High tide, and experiments

Last night I was walking home in the dusk, under beautiful skies, and the tide was so high that the lock gates in the Cumberland Basin were left open, and 11.2 metre tide, per the Bristol Tide Tables, and that’s without any extra rainfall coming in from all the tributaries.

On evenings like this, it’s always hard to choose what to do, as the sun sets so quickly, and the river changes fast.  Between here and Vauxhall Bridge, where I left the water, the tide kept coming in, and it was a beautiful night – windy and gorgeous, and all my phone photos look like I’ve put crazy filters on them.

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Exploring the Avon – Pill to Sea Mills, and following in Roman footsteps

One of the things I want to do with this project is to use it as an excuse to go walking, and exploring places I’ve always thought about – and last week was an adventure I wouldn’t have had without it.

I’ve known Tracy Homer for nearly 12 years, when we met at the first Bristol flickrmeet.  Back when flickr was this amazing social media site, we were part of the Bristol flickr group, and there was this moment when some of us went to a pub to take it from online friends to In Real Life, which branched off into going for flickrwalks to take photos together. Some of my best friends in Bristol are people I met that way, and I still go to a pub once a month or so with some of them, even though we now arrange through different ways, and flickr has gone from being about social media to being somewhere I just upload my photos to.

I liked Tracy from the moment I met her, and I’ve got so many good memories of talking mile-a-minute with her, taking photos, discovering new places, and always laughing a lot.  It’s one of those friendships where we can go years at a time without being in touch, but start where we left off, and she’s the best company for photowalks.  There’s something about not needing to explain why the walk will take twice as long as it should, because we’re stopping for photos, with someone who’ll get exactly what I mean when I’m over-excited about the light on the mud, or the way the grass curves, or whatever it is, and will understand the need to take the same shot on three different cameras, because she’s doing exactly the same thing.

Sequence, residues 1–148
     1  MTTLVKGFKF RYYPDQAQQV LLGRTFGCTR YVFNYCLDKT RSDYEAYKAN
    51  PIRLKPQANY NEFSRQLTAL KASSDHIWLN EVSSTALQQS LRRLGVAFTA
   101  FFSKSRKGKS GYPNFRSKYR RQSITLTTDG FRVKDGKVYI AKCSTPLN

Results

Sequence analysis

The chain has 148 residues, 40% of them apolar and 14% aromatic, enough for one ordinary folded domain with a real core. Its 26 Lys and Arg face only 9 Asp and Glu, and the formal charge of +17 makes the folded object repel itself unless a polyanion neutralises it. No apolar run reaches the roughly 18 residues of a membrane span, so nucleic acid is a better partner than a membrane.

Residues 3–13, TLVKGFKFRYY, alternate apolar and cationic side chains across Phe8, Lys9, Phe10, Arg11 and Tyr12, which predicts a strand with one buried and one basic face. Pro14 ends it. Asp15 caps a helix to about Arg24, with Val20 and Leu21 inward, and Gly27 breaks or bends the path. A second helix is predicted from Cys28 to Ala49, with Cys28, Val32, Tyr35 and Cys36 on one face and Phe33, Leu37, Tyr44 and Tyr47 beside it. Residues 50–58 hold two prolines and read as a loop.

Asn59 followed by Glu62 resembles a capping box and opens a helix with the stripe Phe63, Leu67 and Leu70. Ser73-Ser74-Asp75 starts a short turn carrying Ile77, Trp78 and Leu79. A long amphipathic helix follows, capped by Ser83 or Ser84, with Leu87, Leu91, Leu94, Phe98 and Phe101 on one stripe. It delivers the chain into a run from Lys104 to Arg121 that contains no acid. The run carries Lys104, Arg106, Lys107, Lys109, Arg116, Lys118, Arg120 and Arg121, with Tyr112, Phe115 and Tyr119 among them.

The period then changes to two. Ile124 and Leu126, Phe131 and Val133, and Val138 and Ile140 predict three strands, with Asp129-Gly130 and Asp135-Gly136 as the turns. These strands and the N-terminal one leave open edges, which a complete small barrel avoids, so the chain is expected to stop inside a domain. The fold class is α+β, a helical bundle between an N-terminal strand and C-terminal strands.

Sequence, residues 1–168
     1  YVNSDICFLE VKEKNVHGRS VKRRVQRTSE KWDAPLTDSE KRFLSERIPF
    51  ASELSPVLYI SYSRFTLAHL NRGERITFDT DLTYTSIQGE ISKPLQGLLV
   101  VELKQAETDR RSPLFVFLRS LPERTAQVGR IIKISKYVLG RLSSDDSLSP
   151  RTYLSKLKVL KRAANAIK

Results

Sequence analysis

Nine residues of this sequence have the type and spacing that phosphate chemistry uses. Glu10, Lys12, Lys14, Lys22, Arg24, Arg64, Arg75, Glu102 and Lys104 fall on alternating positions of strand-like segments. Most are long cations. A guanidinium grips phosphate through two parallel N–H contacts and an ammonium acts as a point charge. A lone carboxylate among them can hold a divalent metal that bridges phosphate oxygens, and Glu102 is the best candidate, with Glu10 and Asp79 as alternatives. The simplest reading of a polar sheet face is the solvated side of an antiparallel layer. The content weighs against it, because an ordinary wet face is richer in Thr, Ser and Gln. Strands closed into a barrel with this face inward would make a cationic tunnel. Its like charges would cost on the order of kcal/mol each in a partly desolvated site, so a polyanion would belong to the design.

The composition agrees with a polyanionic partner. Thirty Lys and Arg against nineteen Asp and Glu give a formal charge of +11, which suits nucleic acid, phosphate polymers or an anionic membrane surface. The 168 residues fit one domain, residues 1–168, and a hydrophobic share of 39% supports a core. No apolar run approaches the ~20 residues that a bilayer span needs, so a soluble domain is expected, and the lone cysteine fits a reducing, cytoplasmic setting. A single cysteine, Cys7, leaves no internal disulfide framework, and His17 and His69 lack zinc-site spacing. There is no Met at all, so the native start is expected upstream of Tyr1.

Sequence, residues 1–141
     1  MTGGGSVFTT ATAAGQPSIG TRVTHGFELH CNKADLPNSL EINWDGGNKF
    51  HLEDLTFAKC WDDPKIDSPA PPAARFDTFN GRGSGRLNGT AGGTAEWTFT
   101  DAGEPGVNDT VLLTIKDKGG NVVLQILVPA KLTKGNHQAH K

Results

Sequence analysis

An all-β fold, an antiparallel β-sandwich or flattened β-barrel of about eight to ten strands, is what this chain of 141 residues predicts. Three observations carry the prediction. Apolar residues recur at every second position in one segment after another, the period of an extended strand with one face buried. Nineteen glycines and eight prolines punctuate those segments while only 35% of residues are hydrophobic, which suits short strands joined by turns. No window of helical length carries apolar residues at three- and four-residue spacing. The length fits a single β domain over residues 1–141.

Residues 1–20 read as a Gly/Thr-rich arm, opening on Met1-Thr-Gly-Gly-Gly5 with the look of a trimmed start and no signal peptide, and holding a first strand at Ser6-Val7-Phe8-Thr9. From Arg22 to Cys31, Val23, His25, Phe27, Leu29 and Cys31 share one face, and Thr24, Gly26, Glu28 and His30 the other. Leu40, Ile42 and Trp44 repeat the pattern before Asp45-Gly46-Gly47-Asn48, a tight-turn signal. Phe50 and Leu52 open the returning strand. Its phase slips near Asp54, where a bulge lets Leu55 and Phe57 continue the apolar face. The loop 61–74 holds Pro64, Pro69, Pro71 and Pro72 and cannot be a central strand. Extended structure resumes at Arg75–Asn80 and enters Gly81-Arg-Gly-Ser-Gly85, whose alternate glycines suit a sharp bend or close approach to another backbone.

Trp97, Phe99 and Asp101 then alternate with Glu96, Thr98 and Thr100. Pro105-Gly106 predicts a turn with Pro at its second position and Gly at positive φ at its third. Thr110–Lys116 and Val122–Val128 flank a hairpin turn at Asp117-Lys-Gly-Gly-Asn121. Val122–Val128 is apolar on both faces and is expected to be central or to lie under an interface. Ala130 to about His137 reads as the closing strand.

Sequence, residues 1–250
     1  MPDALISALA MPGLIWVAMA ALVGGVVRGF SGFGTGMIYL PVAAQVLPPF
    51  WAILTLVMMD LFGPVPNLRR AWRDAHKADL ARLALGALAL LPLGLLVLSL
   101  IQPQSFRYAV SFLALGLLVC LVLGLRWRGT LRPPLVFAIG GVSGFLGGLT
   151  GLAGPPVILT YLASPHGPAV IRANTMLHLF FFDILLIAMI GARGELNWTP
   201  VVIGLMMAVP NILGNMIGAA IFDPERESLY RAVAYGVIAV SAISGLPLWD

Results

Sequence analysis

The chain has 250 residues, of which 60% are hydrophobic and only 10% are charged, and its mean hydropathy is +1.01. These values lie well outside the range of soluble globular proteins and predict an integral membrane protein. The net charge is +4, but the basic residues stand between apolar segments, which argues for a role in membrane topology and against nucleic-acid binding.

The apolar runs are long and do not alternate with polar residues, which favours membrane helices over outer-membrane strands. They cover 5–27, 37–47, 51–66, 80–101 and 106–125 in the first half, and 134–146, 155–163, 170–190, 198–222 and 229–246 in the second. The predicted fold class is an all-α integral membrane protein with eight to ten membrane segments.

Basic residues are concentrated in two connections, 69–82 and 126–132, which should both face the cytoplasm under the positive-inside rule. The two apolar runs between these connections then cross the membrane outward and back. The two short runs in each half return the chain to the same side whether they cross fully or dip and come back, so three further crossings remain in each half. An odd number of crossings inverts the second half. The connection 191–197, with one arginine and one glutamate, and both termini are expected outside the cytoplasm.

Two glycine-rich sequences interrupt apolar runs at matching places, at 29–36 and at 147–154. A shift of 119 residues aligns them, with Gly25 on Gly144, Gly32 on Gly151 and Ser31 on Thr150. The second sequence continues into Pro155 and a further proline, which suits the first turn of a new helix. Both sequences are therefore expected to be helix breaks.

Last week we went for a long walk, one I’ve been wanting to do for ages:  from Pill, up the Avon to the M5 road bridge, then down the north side of the river to Sea Mills, to look for echoes of the Roman town of Abona, and then up the old Roman road to the Downs.   All walks with Tracy tend to start with frantic texting and laughing at ourselves right from the start, and this was no different.  Could we manage to meet on the same bus from different stops?  Of course we could!

This is the map of our route, with my photos on it, and there are more in my flickr album.  I had four cameras with me – my Canon DSLR with a 50mm lens, my Olympus XA2 point & shoot film camera (though I ran out of film, stupidly), my iPhone, and the last of the £1 disposable underwater cameras, and there are some from each on the map, plus a mini film.

I’ve also put photos in the blog below.  It’s a long one, because it was a long walk (that’s my excuse, at least!)

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An Avon meditation film

It’s the Bristol Balloon Fiesta this weekend, and they’re notorious for not saying whether the mass launches will happen or not – so I set the alarm for 5:30am (ugh) yesterday to try to see the 6am ascent, but fell asleep before they confirmed it would happen.  Then the evenings have been too windy for the launches, so I made myself get up for the 6am launch today.

I’ve been dreaming about getting a film of something we experienced a few years ago – a stream of balloons floating along the Avon.  I’ve seen the mass ascent from the Fiesta once, and it’s fine, but I really want that river-of-balloons echoing the river, and to record the roaring of the burners.

I was so pleased with myself for being up early, in the beautiful morning light, and watching the balloons from Vauxhall Bridge felt great, I was convinced it was going to happen… until we realised the wind was taking them east, away from us.